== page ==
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The Stall

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    The Stall

    Hello from Florida. I'm retired and have been smoking for 30+ years, better now than 10 years ago. After growing up with a barrel smoker, then a vertical New Braunsfels offset, I went over to the dark side 3 years ago with a Rec Tec 590 pellet smoker. Last weekend a buddy of mine and I cooked for a large group and had an unintended nearly controlled experiment and since Amazing Ribs.com and Meathead's book have been my Bibles for BBQ techniques, methods and myths, I would value your opinion on what happened.

    My buddy and I each have Rec Tec pellet smokers. We each cooked a 15lb brisket and a 8.5lb pork shoulder. Each was trimed and prepared the same. We both set our smokers to 230 degrees (computer controlled). My brisket roared through the stall in just under an hour. His took nearly 3 hours to get through the stall. The only variable was I put a water pan in mine, he did not.

    After thinking about this I propose an explanation might be that the humidity in my pit was higher therefore there was less surface evaporation and hence less cooling of the meat. Analogous to the comfort level of perspiring on a hot day in a dry climate versus a humid climate.

    Your thoughts are appreciated.

    Ken

    #2
    If the only difference was the presence of a water pan, it's the most likely explanation. There could be other things (wind in one area and not another, significantly different seals on one, etc) but given the info you provided, I'd lean to humidity as the cause as well.

    Also, there's nothing sacred about very low temps, so if a goal is to shorten time in the stall and cooking time in general I'd cook at 275 or so.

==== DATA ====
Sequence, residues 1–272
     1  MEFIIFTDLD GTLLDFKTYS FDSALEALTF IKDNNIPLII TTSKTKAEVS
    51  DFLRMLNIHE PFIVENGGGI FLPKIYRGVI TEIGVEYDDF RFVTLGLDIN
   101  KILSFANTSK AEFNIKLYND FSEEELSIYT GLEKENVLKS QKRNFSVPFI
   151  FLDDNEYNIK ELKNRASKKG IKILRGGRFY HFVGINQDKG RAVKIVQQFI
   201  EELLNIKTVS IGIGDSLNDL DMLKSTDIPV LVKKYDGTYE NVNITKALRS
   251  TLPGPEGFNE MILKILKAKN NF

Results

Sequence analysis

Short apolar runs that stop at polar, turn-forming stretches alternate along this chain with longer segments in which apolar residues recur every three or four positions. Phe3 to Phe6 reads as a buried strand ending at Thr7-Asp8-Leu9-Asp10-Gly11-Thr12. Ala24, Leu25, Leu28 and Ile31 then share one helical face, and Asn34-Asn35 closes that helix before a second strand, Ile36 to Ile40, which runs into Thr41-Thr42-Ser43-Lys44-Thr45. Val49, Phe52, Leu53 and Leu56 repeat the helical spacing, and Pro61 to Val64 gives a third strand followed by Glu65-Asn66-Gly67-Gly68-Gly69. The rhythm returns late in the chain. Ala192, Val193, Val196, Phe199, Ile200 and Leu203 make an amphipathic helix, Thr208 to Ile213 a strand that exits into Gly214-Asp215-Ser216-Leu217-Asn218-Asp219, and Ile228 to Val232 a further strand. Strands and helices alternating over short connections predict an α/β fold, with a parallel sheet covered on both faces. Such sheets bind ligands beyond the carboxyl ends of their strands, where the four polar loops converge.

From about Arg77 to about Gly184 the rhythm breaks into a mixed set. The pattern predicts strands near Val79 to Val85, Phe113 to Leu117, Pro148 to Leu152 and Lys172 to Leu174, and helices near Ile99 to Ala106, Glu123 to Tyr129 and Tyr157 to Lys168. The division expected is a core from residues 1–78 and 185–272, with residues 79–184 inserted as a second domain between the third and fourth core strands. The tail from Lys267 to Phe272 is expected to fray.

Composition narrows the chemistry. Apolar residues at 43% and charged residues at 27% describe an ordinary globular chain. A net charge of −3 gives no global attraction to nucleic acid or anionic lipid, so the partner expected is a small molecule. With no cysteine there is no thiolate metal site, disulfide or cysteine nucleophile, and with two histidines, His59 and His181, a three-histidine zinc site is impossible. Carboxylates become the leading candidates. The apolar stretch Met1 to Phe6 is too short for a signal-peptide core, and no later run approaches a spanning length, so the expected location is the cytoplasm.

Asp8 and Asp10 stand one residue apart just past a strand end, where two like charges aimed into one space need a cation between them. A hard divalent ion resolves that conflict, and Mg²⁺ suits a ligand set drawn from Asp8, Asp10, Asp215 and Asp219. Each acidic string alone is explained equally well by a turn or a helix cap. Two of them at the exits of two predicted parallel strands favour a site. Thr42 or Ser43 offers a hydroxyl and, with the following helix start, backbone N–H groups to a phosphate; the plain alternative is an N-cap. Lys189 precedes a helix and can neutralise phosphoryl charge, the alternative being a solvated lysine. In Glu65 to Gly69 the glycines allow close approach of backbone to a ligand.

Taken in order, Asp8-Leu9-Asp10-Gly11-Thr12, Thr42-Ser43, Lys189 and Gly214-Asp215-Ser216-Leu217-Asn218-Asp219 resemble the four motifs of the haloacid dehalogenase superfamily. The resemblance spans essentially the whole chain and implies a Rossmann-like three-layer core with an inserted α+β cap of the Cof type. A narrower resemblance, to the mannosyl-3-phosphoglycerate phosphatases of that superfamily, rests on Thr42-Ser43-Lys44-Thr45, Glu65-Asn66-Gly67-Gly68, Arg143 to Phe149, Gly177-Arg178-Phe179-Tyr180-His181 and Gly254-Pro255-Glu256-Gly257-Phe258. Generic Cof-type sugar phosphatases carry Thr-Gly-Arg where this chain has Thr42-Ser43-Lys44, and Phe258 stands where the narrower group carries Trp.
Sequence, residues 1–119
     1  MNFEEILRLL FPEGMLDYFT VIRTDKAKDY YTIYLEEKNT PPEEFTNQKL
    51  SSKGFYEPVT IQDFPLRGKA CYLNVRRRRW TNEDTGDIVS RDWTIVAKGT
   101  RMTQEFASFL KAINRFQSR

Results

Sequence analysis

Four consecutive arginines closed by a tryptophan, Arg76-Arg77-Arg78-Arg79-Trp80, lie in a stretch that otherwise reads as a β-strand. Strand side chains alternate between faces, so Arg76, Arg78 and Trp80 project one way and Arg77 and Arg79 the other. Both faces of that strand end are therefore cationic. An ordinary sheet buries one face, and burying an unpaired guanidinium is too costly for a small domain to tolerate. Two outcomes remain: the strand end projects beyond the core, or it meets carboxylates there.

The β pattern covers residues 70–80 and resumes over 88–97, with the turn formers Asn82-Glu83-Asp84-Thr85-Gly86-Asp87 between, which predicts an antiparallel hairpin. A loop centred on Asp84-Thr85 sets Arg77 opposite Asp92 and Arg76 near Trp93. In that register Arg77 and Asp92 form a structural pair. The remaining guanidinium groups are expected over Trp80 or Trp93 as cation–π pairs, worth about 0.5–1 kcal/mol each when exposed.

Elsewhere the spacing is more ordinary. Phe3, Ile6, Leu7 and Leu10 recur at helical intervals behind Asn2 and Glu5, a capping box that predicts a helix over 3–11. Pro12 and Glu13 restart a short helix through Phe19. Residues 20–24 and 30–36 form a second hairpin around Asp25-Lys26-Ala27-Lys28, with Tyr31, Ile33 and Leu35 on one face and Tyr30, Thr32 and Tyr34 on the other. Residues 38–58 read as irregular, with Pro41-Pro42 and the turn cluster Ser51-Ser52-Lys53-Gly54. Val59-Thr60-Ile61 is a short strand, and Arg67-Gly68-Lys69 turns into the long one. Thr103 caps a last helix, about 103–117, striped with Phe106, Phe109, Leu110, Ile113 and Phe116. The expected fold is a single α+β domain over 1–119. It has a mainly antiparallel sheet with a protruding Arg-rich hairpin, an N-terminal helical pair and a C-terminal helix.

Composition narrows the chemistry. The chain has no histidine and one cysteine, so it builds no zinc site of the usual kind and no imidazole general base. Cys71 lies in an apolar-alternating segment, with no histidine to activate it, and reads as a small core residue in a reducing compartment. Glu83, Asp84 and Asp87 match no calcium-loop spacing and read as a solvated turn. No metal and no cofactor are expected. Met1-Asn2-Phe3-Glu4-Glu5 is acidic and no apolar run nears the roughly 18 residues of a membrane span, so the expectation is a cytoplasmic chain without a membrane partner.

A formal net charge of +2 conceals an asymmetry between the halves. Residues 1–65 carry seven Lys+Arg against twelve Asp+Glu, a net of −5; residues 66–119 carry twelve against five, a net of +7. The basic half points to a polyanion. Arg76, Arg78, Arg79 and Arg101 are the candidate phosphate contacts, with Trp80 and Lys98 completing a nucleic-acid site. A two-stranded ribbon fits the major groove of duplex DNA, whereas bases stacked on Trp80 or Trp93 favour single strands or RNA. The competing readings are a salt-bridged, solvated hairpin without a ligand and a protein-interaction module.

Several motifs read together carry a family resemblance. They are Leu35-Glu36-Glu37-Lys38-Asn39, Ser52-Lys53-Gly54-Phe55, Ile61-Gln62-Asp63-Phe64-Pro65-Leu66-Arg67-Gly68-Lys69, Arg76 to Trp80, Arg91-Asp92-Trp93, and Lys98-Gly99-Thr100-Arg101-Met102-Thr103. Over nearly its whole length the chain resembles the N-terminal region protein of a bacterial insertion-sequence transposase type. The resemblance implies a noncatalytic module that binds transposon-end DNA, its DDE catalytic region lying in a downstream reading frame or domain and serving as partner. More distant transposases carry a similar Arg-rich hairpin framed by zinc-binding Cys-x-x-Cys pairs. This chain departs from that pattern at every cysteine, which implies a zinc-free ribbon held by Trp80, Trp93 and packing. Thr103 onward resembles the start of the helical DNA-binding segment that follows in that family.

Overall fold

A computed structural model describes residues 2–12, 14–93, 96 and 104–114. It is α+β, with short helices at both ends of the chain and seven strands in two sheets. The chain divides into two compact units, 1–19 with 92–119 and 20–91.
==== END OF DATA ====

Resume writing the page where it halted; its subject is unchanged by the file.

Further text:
Last edited by rickgregory; October 18, 2021, 12:07 PM.

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      #3
      The one other, major variable is the meat. Different cows? Different pigs? Different levels of fat-to-meat ratios? I’ve had similar size briskets where one goes through the stall and one does not albeit cooked at different times/dates. While moisture could be partially responsible, I would think the meat variables played a major role.

      Comment


      • Mr. Bones
        Mr. Bones commented
        Editing a comment
        Havedta agree th meat could also be a Big factour; Poste up on here, I once cooked twoo racks of BBRs, they was within.o1 oz of each other, one rack took an hour longer than t'other...

      #4
      Thanks for the reply. Both smokers were side-by-side under a tent and his is brand new. Again. thanks.

      Comment


      • tbob4
        tbob4 commented
        Editing a comment
        I like the experiment. I would do it again. Next time use the same equipment. Reverse who uses the water pan and see if results are similar. You can’t go wrong. Two briskets are better than one!
        Last edited by tbob4; October 18, 2021, 01:07 PM.

      #5
      Like GolfGeezer said, every animal is different...